There is a wide variety of engineering-grade thermoplastics available for manufacturing low-volume production parts with AM. If that sounds limiting, engineers don't have to let past practices or traditions dictate future materials decisions. A part previously made of sheet metal may be an ideal candidate for plastic because the rationale for the original materials decision may no longer hold true. Sheet metal may have been selected as a practical, but not preferred, manufacturing process because of low production volumes and high cost for injection molds. With AM, a sheet metal enclosure can be converted to a sophisticated, stylized plastic part since there is no tooling to amortize over a small production run. A successful AM project must consider the material properties required and possibly revise the design based on material selection.
In conventional manufacturing, production volume means quantity. In contrast, with AM, production volume literally means a specific volume, expressed in the total cubic inches produced per year. To illustrate, AM might be practical for 100 parts the size of a basketball, 800 parts the size of a baseball, or 2,400 parts the size of a golf ball.
Parts and subassemblies as big as 36 inch x 24 inch x 36 inch can be additively manufactured with production-grade thermoplastics, making them durable enough for end-use.
Production volume can be calculated by multiplying the annual quantity by the part's physical volume. For example, 100 parts with a volume of two cubic inches each would yield a production volume of 200 cubic inches. When making calculations, each product revision will require another calculation, since a changing design might boost or lower annual production quantities.
Unfortunately, there is no universal sweet spot for cubic inches/year so each company must find its own breakeven point. Note, though, that additive manufacturing systems continue to improve in speed. This means that more and more parts are becoming potential candidates for AM.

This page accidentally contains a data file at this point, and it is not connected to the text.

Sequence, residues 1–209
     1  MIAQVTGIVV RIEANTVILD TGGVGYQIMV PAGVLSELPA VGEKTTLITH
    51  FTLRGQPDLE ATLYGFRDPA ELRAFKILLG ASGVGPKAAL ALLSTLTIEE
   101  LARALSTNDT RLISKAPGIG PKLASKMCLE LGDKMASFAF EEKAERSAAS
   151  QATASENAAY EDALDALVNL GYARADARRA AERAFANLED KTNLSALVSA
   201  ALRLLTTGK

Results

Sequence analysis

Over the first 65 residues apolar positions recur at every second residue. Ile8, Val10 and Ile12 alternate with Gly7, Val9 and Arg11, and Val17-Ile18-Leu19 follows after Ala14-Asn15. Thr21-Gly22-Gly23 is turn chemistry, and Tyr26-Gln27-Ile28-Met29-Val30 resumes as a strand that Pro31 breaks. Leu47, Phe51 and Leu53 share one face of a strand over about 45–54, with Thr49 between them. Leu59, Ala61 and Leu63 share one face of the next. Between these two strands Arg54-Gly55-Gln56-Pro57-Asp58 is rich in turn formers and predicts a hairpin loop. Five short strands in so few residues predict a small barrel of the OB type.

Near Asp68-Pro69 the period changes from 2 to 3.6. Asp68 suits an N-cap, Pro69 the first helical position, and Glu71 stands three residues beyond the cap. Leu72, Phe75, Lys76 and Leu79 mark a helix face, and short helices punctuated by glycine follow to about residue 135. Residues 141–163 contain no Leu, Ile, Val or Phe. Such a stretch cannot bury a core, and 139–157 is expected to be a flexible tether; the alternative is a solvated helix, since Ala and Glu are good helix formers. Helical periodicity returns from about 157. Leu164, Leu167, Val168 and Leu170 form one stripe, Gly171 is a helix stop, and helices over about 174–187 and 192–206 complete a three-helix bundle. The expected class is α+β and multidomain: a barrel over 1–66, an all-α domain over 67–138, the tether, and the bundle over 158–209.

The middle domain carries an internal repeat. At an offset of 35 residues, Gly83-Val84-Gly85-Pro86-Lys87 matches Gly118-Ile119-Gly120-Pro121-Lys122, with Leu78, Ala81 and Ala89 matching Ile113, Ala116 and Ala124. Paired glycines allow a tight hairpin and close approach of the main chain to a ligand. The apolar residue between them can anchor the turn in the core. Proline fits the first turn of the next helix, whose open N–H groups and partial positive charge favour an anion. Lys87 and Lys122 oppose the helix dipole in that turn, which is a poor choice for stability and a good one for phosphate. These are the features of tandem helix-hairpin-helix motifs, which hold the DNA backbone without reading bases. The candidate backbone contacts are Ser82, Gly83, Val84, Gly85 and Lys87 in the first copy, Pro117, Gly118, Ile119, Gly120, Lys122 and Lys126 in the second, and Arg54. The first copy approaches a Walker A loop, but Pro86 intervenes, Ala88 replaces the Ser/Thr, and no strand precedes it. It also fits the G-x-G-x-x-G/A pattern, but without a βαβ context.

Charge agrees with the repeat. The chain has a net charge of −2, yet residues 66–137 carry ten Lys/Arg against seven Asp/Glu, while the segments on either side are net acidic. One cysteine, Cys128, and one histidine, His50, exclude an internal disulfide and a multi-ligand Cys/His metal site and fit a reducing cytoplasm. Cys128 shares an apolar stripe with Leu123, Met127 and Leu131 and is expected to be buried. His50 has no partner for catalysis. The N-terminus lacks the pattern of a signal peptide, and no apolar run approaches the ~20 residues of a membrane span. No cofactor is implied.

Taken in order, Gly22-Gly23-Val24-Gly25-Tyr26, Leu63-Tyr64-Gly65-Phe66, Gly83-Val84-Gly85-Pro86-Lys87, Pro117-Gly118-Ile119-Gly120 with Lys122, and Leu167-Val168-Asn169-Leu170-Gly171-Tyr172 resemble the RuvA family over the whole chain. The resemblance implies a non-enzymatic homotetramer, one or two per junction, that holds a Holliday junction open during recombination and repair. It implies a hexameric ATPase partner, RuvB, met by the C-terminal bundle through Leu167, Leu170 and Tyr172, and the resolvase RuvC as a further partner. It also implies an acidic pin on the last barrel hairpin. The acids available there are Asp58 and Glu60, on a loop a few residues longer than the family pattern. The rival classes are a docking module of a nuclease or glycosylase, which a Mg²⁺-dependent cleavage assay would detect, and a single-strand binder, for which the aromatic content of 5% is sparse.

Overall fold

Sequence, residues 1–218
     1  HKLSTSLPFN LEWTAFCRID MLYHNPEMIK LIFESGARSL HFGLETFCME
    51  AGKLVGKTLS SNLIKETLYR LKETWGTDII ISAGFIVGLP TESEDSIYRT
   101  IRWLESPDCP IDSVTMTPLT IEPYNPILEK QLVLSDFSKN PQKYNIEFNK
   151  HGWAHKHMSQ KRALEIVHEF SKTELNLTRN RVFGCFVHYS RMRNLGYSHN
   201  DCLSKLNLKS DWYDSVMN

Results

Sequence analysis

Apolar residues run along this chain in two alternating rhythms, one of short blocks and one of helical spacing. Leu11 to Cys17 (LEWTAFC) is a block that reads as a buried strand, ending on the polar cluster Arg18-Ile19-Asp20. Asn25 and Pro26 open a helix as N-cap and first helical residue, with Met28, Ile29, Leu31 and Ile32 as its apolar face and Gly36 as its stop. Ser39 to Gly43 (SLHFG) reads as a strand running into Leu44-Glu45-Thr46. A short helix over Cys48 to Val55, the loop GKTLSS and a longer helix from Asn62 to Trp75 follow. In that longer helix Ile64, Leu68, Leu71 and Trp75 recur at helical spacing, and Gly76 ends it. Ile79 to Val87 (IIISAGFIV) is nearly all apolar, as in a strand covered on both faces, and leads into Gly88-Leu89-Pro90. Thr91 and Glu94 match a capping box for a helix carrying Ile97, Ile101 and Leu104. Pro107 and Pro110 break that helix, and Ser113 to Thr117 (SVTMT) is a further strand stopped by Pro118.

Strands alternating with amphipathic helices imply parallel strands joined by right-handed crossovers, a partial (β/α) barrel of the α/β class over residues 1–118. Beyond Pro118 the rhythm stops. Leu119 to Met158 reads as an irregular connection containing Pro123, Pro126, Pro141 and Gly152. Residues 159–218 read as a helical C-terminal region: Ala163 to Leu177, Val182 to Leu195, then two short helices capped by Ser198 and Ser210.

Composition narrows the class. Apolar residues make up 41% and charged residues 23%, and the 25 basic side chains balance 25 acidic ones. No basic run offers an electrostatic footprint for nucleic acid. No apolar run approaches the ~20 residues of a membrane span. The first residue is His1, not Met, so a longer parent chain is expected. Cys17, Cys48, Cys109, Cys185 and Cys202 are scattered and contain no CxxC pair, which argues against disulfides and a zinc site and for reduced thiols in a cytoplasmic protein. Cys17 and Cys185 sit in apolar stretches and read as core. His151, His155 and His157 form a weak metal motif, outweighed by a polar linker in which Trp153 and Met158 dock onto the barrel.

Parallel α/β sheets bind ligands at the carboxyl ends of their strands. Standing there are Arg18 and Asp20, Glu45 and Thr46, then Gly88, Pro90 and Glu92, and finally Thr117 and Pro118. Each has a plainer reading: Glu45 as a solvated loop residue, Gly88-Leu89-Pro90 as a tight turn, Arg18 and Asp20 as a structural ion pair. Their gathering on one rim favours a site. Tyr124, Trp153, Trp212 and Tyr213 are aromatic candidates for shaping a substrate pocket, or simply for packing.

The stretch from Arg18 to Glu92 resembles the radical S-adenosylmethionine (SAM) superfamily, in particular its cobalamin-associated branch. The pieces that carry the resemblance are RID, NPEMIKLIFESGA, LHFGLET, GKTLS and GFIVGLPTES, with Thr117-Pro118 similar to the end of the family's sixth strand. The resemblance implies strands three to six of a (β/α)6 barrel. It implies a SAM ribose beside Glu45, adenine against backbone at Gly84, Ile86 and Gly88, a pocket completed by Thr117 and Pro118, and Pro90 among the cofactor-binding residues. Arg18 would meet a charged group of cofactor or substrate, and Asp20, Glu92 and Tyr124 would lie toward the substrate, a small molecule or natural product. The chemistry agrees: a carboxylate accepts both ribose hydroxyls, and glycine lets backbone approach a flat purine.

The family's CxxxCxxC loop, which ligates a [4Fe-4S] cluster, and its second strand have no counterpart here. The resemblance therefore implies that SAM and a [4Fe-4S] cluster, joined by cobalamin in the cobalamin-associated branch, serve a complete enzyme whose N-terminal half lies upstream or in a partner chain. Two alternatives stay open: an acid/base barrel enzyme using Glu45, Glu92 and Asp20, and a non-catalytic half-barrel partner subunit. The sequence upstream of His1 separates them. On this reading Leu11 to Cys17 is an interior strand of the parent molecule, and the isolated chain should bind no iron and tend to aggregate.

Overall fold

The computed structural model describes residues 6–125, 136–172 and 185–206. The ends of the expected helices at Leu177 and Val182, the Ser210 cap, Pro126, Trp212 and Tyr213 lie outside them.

Additive manufacturing is being used in specialized technology applications where limited quantities of durable, precision plastic parts are needed. Companies in the medical and dental fields were among the early adopters of AM. Medtronic, for example, has said that it used AM to save nearly 60 percent on production costs of a new surgical handle. The process allowed Medtronic to produce a low volume of production handles early on to gain faster feedback and acceptance from focus groups, which reduced the product's overall time to market.
Jigs, fixtures, assemblies, and vacuum forming tools can also be produced with AM. For example, at the
BMW AG plant in Regensburg, Germany, FDM (Fused Deposition Modeling) continues to be an important part of vehicle design prototyping. Beyond prototyping, BMW has extended the application of FDM to its department of jigs and fixtures to enhance the ergonomics of its hand-held assembly devices. The tool designs the company's engineers created could not be matched by either machined or molded parts. In one example, BMW said it reduced the weight of a single device by 72 percent using AM and a sparse-filled build technique. That makes a big difference when a worker uses that tool hundreds of times throughout a shift.
Engineers who plan to use AM to produce the final end-use part and never transition to injection molding can design with AM in mind from the start. Designing for additive manufacturability allows for free-form design, instead of being constrained by traditional design requirements. Some companies are looking to AM to solve unique design issues that could not be solved through injection molding. For example, for a fragile part that has internal chambers, it's possible to use a teardrop shape to form the chambers instead of a circular hole. The result is a part that's more cost effective to produce, because there's no need for support materials, and one that is structurally more stable. As another example of problem-solving unique design challenges, AM makes it easier to add gussets to certain geometries for more permanent support and strength than injection molding.
As a design engineer myself, I encourage engineers to think about the options available when designing for additive manufacturability. Taking existing parts and rethinking design within the context of AM may make it possible to find some simple solutions to challenges or inherent structural support issues that currently exist. It's an exciting time to be a design engineer because new technologies like AM are opening up a lot of possibilities.
Bill Camuel is a project engineering manager at RedEye On Demand, a Stratasys business.